U clinical trials assess potential COVID-19 treatments


Two Medical School clinical studies are evaluating the high blood pressure drug losartan as a potential treatment for those recently diagnosed with COVID-19. The first is a national multisite study evaluating whether losartan can prevent lung injury in those hospitalized with pneumonia stemming from COVID-19, while the second assesses whether the drug can prevent hospitalizations in the first place.

We’re trying to prevent the lung injury caused by the virus that makes it so deadly. We’re trying to turn COVID-19 into an everyday coronavirus—the common cold.

– Michael Puskarich, M.D.

Previous research suggests that losartan may be able to block an enzyme that the COVID-19 virus uses to attack cells.

“We’re trying to prevent the lung injury caused by the virus that makes it so deadly,” says Michael Puskarich, M.D., associate professor in the Department of Emergency Medicine and an emergency physician at Hennepin Healthcare, who coleads the study with Christopher Tignanelli, M.D., assistant professor of critical care and acute care surgery in the Department of Surgery. “We’re trying to turn COVID-19 into an everyday coronavirus — the common cold.”

The inpatient trial is funded in part by the Bill and Melinda Gates Accelerator Funds, while the outpatient arm of the trial is funded by the Minnesota Partnership.


The U is also examining the effectiveness of hydroxychloroquine, an FDA-approved antimalaria drug, in preventing or reversing symptoms of COVID-19. Prior laboratory research has shown that hydroxychloroquine can impede progression of the virus, but recent studies show it carries significant risks for some patients. The U study seeks definitive answers.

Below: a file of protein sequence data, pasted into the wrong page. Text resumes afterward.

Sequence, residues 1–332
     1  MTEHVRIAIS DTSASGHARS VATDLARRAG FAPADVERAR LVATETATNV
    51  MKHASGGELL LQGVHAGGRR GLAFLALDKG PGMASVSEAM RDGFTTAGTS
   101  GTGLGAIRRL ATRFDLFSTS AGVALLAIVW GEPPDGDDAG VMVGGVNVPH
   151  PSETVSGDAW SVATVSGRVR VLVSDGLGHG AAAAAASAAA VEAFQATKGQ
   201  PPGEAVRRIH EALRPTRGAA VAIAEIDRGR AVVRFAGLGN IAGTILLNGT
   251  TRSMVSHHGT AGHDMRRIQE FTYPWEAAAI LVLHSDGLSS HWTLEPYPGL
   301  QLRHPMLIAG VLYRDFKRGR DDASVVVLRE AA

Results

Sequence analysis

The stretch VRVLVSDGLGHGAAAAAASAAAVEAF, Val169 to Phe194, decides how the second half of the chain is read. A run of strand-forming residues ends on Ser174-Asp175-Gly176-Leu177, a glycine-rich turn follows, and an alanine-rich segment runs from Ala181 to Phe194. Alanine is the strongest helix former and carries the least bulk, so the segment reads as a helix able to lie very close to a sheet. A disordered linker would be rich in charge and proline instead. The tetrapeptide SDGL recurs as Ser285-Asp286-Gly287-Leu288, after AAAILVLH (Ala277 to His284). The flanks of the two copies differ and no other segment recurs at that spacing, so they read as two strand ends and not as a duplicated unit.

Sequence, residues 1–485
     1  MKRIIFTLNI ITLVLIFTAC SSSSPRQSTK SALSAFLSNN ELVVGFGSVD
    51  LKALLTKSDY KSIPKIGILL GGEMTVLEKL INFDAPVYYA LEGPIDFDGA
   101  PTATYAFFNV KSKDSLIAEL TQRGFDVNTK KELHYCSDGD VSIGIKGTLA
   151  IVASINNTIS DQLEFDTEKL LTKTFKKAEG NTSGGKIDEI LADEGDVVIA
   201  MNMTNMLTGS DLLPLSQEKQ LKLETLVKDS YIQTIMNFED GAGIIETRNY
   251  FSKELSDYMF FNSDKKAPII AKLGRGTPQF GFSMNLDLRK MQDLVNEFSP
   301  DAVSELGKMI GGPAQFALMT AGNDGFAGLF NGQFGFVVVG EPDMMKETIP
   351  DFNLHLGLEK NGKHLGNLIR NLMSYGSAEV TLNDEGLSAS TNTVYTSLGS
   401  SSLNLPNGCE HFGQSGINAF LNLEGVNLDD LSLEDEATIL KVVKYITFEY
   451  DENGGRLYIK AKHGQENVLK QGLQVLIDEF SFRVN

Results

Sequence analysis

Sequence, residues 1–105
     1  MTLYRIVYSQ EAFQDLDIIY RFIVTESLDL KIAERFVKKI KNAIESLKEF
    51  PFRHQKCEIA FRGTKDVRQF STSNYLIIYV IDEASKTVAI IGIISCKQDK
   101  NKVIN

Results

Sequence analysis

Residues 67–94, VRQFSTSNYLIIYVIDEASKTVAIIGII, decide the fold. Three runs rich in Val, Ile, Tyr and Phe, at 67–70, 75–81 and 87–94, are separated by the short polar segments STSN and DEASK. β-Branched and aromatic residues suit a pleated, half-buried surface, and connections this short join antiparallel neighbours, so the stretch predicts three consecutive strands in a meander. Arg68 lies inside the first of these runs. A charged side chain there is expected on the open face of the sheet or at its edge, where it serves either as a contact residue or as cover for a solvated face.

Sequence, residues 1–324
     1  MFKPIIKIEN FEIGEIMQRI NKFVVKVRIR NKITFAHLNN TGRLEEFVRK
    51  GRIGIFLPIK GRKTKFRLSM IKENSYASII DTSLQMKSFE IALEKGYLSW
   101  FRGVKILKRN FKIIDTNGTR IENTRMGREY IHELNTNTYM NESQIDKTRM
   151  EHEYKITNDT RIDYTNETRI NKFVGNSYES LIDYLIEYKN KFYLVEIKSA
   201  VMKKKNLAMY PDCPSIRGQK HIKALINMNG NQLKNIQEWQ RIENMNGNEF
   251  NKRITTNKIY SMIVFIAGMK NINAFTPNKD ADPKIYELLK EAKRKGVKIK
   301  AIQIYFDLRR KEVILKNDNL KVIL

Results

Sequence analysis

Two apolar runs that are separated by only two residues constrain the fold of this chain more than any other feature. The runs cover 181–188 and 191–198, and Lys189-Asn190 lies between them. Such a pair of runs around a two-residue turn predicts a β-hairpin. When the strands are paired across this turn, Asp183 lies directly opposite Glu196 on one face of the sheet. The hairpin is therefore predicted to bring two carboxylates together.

U researchers are also participating in a multicenter National Institutes of Health trial to test the drug remdesivir, originally developed to treat Ebola. The study has had early success in reducing severity for hospitalized COVID-19 patients and is moving into a next phase with a combined antiviral medication therapy.

Cell therapies

Several other studies exploring potential COVID-19 treatments are at various stages of regulatory approval, including a trial looking at the safety and efficacy of natural killer (NK) cell therapy. The clinical trial is designed to replenish patients’ NK cells with off-the-shelf engineered NK cells, restoring patients’ functional immune systems while equipping the cells to directly target the virus. Another trial is exploring whether an infusion of healthy regulatory T cells can prevent inflammation related to acute respiratory distress in severe COVID-19 cases. On another front, U scientists are examining whether mesenchymal stromal cell transplantation could be deployed to treat pneumonia in patients with severe COVID-19, many of whom are in critical care and on a ventilator. 

Published on May 12, 2020